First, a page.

Gainesville, Texas
Year ‘round

To escape the corporate life, Jane Dane, her brother Jerry Ware, and friend Mark Whitfield, decided to bring new life to land that had been in the family for more than 150 years, and in 2004 they opened up Lavender Ridge Farms. At Lavender Ridge Farms you can pack a six-inch twist tie full of lavender shoots for $8 or cut zinnias, gomphrena, and sunflowers by the 32-ounce cupful for $9.

You can take these blooms home for show, or you can learn other various ways to use your lavender by signing up for one of the farm’s annual educational workshops. Learn to cook lavender-infused pork tenderloin and mashed potatoes. Make lavender wine, crafts, perfumes and more.

Lavender Ridge Farms also offers the opportunity for star gazing. Jane Dane explains that “We want to give you a place to get away from the city lights. Give us a call, bring a blanket and snacks, sit near the lavender field, star gaze and get a whiff of the sweet and relaxing lavender. It’s a great getaway.”

Photo courtesy of Bailey's Berry Patch.

The Travel Industry Association of America links agritourism’s increasing popularity with findings that say tourists are traveling more by car, taking shorter, last-minute, family-friendly vacations.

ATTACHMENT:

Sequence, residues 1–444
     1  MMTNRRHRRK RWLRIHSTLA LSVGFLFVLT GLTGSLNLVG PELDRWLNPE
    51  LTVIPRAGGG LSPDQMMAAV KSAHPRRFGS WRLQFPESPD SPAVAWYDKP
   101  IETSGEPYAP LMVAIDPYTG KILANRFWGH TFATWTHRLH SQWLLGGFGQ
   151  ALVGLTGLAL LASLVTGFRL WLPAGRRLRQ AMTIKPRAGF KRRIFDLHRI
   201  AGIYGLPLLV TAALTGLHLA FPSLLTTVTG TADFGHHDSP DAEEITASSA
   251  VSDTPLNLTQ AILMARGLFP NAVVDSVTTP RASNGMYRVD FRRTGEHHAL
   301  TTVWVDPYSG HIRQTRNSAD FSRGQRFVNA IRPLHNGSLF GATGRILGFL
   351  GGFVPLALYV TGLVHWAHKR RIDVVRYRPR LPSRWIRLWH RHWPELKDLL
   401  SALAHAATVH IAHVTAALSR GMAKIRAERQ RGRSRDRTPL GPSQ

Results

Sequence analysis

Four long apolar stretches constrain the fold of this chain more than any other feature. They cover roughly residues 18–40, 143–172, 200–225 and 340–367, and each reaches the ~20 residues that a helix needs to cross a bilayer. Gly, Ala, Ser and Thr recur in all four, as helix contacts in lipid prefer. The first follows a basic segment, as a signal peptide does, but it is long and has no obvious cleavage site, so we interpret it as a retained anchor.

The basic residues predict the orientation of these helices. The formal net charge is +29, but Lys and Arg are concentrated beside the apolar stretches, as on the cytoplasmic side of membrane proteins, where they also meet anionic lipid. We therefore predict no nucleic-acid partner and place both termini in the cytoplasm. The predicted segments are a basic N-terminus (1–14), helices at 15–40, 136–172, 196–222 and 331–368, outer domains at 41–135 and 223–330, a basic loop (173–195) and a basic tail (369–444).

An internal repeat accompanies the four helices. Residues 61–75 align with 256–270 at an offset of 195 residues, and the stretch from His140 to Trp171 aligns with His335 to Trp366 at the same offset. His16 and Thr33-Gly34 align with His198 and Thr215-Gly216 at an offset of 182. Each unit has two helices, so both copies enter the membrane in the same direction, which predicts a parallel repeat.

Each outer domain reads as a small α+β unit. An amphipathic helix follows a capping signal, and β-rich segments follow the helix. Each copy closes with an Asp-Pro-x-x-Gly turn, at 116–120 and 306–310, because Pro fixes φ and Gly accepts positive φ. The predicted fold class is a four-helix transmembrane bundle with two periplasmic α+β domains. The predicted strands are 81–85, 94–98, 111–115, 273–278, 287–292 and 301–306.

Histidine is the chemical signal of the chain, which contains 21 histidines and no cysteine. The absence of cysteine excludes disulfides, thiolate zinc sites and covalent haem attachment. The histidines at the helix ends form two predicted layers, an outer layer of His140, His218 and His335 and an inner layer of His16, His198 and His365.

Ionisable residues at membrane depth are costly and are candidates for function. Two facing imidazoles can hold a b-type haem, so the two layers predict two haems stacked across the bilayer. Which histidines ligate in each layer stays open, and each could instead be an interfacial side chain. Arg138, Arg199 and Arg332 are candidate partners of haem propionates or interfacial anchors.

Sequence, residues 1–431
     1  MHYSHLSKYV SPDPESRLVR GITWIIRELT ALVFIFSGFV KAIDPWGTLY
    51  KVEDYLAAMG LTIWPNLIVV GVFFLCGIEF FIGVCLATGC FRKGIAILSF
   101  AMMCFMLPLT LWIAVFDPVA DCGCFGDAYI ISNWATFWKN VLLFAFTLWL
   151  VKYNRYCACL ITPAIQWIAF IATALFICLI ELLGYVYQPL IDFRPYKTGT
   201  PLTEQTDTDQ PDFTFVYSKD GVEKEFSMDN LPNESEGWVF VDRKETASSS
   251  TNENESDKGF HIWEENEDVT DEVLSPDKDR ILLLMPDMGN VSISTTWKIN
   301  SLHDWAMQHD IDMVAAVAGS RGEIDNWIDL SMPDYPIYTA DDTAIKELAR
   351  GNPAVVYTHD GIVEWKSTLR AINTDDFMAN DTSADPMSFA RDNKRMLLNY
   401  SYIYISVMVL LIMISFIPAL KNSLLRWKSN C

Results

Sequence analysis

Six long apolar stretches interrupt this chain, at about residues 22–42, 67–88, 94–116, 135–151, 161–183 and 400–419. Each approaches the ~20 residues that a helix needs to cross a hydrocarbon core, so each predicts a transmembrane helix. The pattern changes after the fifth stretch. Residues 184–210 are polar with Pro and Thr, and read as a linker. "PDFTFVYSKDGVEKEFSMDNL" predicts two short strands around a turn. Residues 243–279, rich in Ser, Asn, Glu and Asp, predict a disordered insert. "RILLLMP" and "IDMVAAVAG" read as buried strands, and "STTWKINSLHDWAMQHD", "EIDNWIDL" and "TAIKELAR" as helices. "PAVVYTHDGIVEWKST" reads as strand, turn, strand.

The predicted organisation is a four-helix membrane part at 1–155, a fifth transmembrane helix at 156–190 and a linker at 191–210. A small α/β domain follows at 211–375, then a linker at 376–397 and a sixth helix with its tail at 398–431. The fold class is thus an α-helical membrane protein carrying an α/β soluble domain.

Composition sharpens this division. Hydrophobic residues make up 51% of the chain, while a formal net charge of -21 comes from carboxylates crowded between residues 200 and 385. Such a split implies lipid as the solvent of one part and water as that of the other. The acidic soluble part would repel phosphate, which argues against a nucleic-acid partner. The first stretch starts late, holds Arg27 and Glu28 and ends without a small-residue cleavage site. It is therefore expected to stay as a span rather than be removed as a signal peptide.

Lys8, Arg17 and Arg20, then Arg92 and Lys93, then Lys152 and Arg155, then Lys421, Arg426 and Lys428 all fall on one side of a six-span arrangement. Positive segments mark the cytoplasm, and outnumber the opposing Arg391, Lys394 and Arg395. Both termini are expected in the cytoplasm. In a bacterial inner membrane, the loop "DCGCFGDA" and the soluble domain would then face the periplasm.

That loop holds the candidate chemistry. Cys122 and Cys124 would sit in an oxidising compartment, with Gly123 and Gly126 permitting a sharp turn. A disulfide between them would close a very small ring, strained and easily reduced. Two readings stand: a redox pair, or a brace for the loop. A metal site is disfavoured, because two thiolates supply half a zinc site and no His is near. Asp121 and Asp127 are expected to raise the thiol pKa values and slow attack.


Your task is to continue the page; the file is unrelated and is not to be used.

To get a true taste of an agritourism experience, head out in the morning, pick some breakfast at Bailey’s Berry Patch, which opens some days as early as sunrise, have lunch with lemonade at the Red River Peach orchard, and then watch the sunset and see the stars at Lavender Ridge Farms. The next time you’re planning a vacation or just a day out, think atypical, think agritourism—coming soon to a travel agent near you.

Bailey’s Berry Patch
905 Crawford Road
Sadler, TX 76264
903.436.0235 (cell)

Berry picking season: June – July
Hours of operation:
Dawn – 2:00 pm every Tues, Wed, Thurs, Sat, and Sun (Closed on Mondays and Fridays)

Red River Peach Orchard
300 CR 134
Gainesville, TX

Peach picking season: June 15 – August 15
Hours of operation:
Open from 8:00 am-2:00 pm, Thurs, Fri, and Sat

Lavender Ridge Farms
2391 County Rd 178
Gainesville, TX 76240

Hours of operation:
Thurs-Sun 9:00 am – 5:00 pm or by appointment for star gazing, workshops, etc.

Selection and Storage

Blueberries and Blackberries

Select plump, firm berries with tight skins and dark blue coloring. Purchase packaged fruit in clear containers to check the fruit on the bottom. Fresh blueberries may have a dusty appearance, which means they were harvested at the best time. Avoid soft or shriveled fruit, which indicate over-ripeness. Fresh blueberries can be refrigerated for up to ten days by arranging them in a single layer on a paper towel in a covered shallow pan. Do not wash until you are ready to use. Blueberries also freeze nicely and can be used in many recipes straight from the freezer.


Look for a creamy yellow background color, indicating ripeness and flavor, and a well-defined crease. Fruit that will not be consumed immediately must be refrigerated. It will keep at its best for about five days. Peaches that will be eaten in a day or two can be left out. To soften peaches, place in a paper bag for a day or so and keep out of direct sunlight.

Leave a Reply

Your email address will not be published. Required fields are marked *